In the darkroom classes I took at the Danforth Museum School in Framingham, MA in the late 90s/early '00s, the women outnumbered the men in every class (I think I took about 10-12 sessions). In a couple of sessions, the only male was the instructor. In some, there were no males. In a class I took at RISD (also darkroom), there was one guy and 4 women, taught by a woman.
I can't say I'm completely not into gear, but the end result of the photo is not as dependent on the nitty gritty details of the film/developer combo to me. I see a large number of posts on every photo forum discussing little tiny differences between images that the VAST majority of observers would never notice or care about. I sorta see these things as the "guy" things of photography (I'll admit, I could be wrong).
I'll give some credit if English isn't the first language of the poster, but this sounds EXTREMELY condescending to me. Yeah, I do like technical stuff and I know women are not usually encouraged to do so and to enjoy science, but it has much more of a cultural basis than anything related to true intelligence or the ability to do any of these things.
But in all seriousness, I think the reason why there are generally fewer women doing photography on a "hard core" basis, is that; While it is a typically creative and artistic profession, you need to master a certain amount of logic and technique.
Photography can be very technical, especially when you get past the "pretty flowers and dogs" stage, when you start mixing in ligh theory, chemical theory, zone system and (dare I say) technical gadgets, women are put off.
It's not that they are less intelligent, it's just that IMO, they want to focus on the art aspect, that may also be why pottery, painting and drawing, and sculpturing, is more popular as art directions.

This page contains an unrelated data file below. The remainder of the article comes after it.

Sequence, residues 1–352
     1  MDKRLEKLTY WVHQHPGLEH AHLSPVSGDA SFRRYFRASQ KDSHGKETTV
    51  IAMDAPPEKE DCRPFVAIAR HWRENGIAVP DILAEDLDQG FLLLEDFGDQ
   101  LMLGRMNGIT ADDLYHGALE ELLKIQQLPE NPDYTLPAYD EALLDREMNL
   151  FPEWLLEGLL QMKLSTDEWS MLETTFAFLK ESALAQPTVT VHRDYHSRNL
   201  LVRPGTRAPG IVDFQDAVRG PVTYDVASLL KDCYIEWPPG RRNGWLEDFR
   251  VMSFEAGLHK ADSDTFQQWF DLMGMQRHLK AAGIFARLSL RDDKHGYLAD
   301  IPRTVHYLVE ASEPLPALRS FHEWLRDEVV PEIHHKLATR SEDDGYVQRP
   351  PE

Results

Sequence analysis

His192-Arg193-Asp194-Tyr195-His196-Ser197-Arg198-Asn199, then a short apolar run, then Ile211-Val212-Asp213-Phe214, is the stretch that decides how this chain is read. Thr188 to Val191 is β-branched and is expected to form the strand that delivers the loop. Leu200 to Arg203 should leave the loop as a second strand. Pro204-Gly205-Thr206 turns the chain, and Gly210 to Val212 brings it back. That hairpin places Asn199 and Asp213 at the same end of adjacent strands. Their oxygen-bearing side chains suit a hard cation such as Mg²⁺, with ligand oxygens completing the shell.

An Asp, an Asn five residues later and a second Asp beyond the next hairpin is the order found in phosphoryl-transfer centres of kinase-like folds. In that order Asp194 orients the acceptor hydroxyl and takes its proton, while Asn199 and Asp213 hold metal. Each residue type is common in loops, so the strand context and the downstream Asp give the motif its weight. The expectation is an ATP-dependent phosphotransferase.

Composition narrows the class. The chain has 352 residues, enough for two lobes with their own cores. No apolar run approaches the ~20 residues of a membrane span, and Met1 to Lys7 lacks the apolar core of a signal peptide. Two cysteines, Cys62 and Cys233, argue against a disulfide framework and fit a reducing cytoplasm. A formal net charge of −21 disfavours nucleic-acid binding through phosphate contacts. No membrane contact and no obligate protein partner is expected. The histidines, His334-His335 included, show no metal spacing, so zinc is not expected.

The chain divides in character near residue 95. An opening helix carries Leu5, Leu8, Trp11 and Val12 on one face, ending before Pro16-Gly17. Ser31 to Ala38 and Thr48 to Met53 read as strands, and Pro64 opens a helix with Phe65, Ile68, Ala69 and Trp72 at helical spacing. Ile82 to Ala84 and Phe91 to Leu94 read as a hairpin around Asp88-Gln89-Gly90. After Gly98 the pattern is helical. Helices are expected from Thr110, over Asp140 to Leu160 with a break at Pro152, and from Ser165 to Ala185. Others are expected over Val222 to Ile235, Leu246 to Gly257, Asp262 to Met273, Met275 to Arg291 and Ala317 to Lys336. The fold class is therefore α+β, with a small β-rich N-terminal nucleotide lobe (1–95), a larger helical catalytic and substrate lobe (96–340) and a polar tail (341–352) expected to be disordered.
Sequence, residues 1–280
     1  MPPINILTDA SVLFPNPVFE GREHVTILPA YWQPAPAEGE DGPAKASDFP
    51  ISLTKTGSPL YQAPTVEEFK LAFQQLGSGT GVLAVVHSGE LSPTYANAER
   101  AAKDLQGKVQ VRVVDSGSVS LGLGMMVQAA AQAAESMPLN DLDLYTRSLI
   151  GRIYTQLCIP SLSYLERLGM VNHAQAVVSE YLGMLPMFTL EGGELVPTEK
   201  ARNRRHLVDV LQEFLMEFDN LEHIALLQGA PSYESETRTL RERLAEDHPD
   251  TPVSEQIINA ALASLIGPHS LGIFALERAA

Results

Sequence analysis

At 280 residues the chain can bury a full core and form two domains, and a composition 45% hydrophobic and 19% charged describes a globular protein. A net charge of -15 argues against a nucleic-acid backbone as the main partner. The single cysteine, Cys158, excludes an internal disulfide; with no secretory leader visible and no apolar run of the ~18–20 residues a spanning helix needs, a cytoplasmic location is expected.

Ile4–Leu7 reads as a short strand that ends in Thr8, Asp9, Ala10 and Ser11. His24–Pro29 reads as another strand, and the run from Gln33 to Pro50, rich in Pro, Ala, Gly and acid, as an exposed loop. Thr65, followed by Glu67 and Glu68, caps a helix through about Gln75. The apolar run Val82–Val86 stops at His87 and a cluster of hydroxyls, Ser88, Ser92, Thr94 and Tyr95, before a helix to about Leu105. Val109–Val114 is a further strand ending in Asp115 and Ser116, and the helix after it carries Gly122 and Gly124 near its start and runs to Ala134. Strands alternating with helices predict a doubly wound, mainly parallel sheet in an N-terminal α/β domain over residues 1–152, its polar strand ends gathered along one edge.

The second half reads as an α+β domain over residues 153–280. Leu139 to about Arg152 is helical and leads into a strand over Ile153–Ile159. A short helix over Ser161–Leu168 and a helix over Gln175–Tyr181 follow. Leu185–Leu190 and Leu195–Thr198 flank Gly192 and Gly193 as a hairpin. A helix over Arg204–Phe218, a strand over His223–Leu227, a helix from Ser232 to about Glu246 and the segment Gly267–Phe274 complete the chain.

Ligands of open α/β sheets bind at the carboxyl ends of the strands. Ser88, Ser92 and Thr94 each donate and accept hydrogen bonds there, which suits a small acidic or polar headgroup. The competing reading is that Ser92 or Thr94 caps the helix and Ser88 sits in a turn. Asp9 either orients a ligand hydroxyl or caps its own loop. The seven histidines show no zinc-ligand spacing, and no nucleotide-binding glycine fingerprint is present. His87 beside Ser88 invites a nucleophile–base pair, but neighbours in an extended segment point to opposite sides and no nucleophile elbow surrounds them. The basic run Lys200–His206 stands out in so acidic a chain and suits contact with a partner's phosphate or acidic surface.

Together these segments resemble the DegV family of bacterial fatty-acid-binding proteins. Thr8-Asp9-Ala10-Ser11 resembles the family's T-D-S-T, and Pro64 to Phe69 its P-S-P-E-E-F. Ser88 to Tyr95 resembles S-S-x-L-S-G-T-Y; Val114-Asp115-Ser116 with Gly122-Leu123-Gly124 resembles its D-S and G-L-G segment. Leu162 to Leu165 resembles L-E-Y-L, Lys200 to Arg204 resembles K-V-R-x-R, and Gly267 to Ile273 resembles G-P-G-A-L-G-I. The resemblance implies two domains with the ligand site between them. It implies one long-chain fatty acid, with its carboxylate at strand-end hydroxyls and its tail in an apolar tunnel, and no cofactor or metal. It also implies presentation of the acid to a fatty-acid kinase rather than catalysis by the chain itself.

BS biology, MS forensic science, 14 years in a casework crime lab (7 in charge of the trace analysis unit) - I am a woman and I like science. I also scored perfect on the GRE logic section.
I recently took an advanced film photography class at a local community college. This was in 2012. I'd say 70% of students in the class were females. They were all getting "dirty" in darkroom elbow deep in wash waters. There were two classes offered at this level. One of the instructor was a male, the other was a female.
Develop, stop, fix.... wait.... where's my film?
About half the people actively working in the Photoworks dark room are women. All the people running it are women. http://www.glenechophotoworks.org/
Warning!! Handling a Hasselblad can be harmful to your financial well being!
Nothing beats a great piece of glass!
I leave the digital work for the urologists and proctologists.
Historically women have taken more pictures than men (see below quote), and I would hazard a guess that it still continues. I do know that at almost all the family parties I show up to that "Aunt Mildred" or "Aunt Bernice" tries to round us all up for a photograph and rarely is there "Uncle Bernie" or "Uncle Earl" with the camera...
Below per WSJ. An article about Kodak....
As a result of Kodak’s efforts [to market to the “Kodak girl”, who symbolized the modern, adventurous female], women went on to become the most lucrative market segment for photography. It was that loyal contingent of “soccer moms” that funded Kodak’s inexorable rise: they took more pictures than everyone else, printed them, shared them at coffee mornings, saved them in albums and displayed them in the living room.
i apprenticed with a woman portrait photographer who herself was trained in the 20s/30s ..
at the time that was not the norm but i think nowadays woman photographer outnumber the men
by at least 2x if not 3x...
gear conventions, websites *c that is just a guy thing, the women are doing everything else.
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And yet all but 2 or 3 comments on this thread are from men.David's original question hasn't been fully answered.
Allan, women are very much into photography, see my above proof, the diversity of Apug does not prove anything. How one spends his/her time on the Internet is little proof of the gender make up of photography. I don't remember David's question being medium specific...
Originally Posted by zsas
In the darkroom where I was I survived about 60-70 students. Less than 15 were male. I think a lot of the men embrassed digital quicker being gear-heads. I do think it is that photographing film is well a bit more romantic. I also tend to agree that they tend to be rather artistic. I also found they got a bit how should I say nervous when it got technical but in general men and women were very eager to learn which was refreshing. Most have a sparkle in their eyes.
They are doing it because they want to and not because they have to. With digital it may sometimes be a bit different.
Originally Posted by Thomas Bertilsson